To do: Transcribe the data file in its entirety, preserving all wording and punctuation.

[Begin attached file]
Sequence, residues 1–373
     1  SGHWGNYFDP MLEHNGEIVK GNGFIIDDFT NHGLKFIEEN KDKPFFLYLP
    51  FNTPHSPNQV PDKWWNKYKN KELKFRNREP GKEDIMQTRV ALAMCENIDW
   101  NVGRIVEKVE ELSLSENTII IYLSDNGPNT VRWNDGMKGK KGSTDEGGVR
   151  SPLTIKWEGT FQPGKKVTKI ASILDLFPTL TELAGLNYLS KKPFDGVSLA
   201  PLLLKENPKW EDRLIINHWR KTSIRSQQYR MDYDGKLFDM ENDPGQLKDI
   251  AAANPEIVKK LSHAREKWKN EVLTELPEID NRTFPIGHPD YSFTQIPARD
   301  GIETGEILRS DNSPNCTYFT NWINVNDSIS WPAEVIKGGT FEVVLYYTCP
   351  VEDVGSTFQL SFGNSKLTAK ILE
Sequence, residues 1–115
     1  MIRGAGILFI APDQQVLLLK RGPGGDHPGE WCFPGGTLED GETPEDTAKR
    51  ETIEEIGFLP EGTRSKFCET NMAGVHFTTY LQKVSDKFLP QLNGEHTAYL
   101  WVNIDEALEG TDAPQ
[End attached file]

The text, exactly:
Sequence, residues 1–373
     1  SGHWGNYFDP MLEHNGEIVK GNGFIIDDFT NHGLKFIEEN KDKPFFLYLP
    51  FNTPHSPNQV PDKWWNKYKN KELKFRNREP GKEDIMQTRV ALAMCENIDW
   101  NVGRIVEKVE ELSLSENTII IYLSDNGPNT VRWNDGMKGK KGSTDEGGVR
   151  SPLTIKWEGT FQPGKKVTKI ASILDLFPTL TELAGLNYLS KKPFDGVSLA
   201  PLLLKENPKW EDRLIINHWR KTSIRSQQYR MDYDGKLFDM ENDPGQLKDI
   251  AAANPEIVKK LSHAREKWKN EVLTELPEID NRTFPIGHPD YSFTQIPARD
   301  GIETGEILRS DNSPNCTYFT NWINVNDSIS WPAEVIKGGT FEVVLYYTCP
   351  VEDVGSTFQL SFGNSKLTAK ILE
Sequence, residues 1–115
     1  MIRGAGILFI APDQQVLLLK RGPGGDHPGE WCFPGGTLED GETPEDTAKR
    51  ETIEEIGFLP EGTRSKFCET NMAGVHFTTY LQKVSDKFLP QLNGEHTAYL
   101  WVNIDEALEG TDAPQ